Outdoor fun, especially when the weather is nice, includes picnics, barbecues, camping, outdoor parties and other activities. Don’t miss out on the fun by getting sick.
Typical symptoms of food-related illness are vomiting, diarrhea, and flu-like symptoms, which can start anywhere from hours to days after contaminated food or drinks are consumed.
When the air temperature and humidity climbs into the 70s and above, harmful bacteria growth increases rapidly, making handling food safely even more important.
Here are a few warm-weather food safety tips to help keep your festivities and food safe:
When preparing meals remember to follow these safety tips:
- Clean: Wash hands, cutting boards, utensils, and countertops.
- Separate: Keep raw meat, poultry, and seafood separate from ready-to-eat foods.
- Transport food: It’s important to remember that harmful bacteria can start to grow when prepared food falls between temperatures of 40 -140 degrees. Perishable food transported without an ice or heat source won’t stay safe long.
- Thaw: Always thaw food in a refrigerator or place the frozen food in a cooler filled with ice or frozen gel packs. Never thaw food at room temperature.
- Marinate: Safely marinate foods inside a refrigerator. Never marinate foods at room or air temperature, and do not re-use marinade. If it is to be used as a dipping or other sauce, save a portion of the mixture, keep it away from raw meat and store it in a refrigerator or cooler filled with ice or frozen gel packs before serving.
- Coolers: Have several coolers. Have one that can be opened frequently and used for beverages, one for snacks and ready-to-eat foods, and one for meats.
- Trash: Have trash bags stored away from the serving and cooking area. Close or cover the trash bag when it’s not in use.
The onset of warm weather often prompts many people to begin using their outdoor grills to prepare foods. The following tips can help reduce the risk of getting sick:
- Always supervise a barbecue grill when in use.
- Wash your hands with soap and water for a minimum of 20 seconds prior to cooking food.
- Always cook foods to the proper temperature. Do not rely on the food’s color or firmness to determine if it’s thoroughly cooked. Always use a food thermometer and clean the probe end with soap and water before and after use.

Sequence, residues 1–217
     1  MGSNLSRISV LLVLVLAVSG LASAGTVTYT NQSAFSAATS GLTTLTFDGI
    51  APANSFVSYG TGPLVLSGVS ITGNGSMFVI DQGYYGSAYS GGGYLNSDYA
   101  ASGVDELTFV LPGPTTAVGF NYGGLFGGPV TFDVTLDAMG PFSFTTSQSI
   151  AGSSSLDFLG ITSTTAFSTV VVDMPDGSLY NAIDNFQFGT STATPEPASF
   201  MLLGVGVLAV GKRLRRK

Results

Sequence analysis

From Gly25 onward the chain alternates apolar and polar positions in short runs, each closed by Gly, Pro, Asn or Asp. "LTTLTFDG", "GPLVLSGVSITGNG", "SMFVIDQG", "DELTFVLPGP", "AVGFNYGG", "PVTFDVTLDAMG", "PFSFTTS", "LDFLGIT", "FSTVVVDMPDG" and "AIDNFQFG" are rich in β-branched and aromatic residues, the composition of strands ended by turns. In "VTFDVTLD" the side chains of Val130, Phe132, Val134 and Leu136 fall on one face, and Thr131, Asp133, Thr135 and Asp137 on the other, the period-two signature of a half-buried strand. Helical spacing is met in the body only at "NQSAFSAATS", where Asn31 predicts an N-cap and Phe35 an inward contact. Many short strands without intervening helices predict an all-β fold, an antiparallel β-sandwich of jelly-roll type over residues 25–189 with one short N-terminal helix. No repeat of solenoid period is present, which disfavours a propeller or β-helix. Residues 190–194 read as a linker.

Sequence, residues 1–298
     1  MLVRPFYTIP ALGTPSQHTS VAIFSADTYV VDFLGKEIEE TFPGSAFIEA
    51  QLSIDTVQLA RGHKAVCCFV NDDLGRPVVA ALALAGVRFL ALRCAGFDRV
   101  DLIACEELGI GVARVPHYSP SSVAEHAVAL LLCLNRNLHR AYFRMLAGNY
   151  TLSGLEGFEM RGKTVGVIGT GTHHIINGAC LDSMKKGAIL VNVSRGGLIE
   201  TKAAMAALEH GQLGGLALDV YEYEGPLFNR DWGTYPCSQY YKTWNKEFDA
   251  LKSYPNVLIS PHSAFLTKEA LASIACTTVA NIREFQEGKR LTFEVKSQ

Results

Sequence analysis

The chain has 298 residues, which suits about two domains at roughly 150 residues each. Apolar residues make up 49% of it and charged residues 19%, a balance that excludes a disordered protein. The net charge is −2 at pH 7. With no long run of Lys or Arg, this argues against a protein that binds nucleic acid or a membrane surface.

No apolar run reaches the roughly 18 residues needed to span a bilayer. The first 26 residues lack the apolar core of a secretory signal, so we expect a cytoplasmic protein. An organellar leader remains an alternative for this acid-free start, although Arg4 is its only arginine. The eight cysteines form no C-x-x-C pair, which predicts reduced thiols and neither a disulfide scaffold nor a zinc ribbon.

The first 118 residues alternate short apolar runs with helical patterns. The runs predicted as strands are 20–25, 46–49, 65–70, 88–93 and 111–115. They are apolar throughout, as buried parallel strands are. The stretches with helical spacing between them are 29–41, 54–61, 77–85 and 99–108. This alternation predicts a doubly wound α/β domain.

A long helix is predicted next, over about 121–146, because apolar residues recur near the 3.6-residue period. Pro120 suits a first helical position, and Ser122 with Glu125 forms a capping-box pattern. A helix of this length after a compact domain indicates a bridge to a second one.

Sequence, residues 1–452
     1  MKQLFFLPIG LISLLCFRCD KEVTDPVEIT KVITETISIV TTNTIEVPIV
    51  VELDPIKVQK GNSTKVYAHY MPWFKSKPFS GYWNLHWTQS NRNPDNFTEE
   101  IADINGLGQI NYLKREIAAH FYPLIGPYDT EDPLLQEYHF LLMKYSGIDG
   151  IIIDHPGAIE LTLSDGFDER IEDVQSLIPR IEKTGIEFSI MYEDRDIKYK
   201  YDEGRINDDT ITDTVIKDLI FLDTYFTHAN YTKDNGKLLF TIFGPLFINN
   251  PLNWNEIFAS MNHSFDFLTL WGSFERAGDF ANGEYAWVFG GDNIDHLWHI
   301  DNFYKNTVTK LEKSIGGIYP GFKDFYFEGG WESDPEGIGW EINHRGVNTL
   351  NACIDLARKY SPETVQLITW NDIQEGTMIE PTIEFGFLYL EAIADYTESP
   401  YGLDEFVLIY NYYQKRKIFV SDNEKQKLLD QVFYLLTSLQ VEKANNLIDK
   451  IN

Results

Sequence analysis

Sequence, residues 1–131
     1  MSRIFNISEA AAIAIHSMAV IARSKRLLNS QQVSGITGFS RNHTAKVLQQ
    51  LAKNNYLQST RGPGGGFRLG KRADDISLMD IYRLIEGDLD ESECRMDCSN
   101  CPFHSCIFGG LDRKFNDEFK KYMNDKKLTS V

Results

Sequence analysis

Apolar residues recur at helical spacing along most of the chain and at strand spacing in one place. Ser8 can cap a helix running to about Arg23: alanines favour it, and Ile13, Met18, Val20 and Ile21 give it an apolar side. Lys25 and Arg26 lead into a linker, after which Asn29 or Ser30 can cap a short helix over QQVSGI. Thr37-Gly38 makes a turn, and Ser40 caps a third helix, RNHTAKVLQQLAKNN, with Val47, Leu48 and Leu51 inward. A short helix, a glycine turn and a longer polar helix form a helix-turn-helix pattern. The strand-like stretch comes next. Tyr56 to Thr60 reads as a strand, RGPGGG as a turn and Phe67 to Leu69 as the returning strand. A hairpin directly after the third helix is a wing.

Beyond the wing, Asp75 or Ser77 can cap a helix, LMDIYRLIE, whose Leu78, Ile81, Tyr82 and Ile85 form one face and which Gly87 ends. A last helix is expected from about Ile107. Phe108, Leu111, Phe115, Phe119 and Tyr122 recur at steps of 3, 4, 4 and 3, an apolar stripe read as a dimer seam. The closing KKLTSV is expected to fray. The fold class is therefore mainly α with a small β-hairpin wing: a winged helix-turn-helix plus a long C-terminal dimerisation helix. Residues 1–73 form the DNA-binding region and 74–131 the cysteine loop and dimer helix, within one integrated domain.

- When checking food with a thermometer, remove the food from the grill surface, place it on a clean plate, and then take the temperature in the thickest part of the food (not touching any bones).
- Since grills and cooking surfaces may have cold spots or cook unevenly, check the temperature of each piece of meat on the grill.
- Always use a clean plate and utensil for cooked foods; don’t use the same tongs or platter that you used to bring raw foods to the grill.
- Check to make sure your grill tools are clean, in good condition, and not shedding any brush bristles.
- Cooked foods on the grill surface can be moved off to the side in a hot holding area away from the hot coals or heating elements.
- Store hot foods in a chaffing dish, table-top warmer, or in an insulated container.
- Have mesh covers/tents to cover dishes to prevent flies and bugs from landing on the food.
Keep these tips in mind when storing and eating leftovers:
- Don’t leave food sitting out at room or air temperature for more than 2 hours. If the air temperature is 90 degrees or higher, then the time limit drops to one hour. The food should be thrown away if it sits out longer than that.
- Refrigerate cooked leftovers within 2 hours and ensure the temperature in the refrigerator is at 40 degrees or below.
- Divide leftovers into smaller portions and store in shallow containers in the refrigerator.
- Leftovers should be eaten, frozen or discarded within 3 to 4 days.
- Reheat cooked leftovers to 165 degrees as measured with a food thermometer. Sauces, soups and gravies should be reheated by bringing them to a boil.
- When microwaving leftovers, make sure there are no cold spots in food where bacteria can survive.
- When they are not in the fridge, keep cold foods at the proper temperature by storing them on ice (e.g., use an empty bowl, place some ice in the bottom, set the dish with the food product inside the bowl, fill ice around the food dish so that the ice level outside of the food dish is level with the food in the dish). Monitor the bowl and empty the water as the ice melts and refill with new ice. Use an inflatable cold tray and fill will ice, then set your cold food dishes into the ice tray.
- Store coolers closed, in the shade or cover them. Store them in an air-conditioned area, if possible.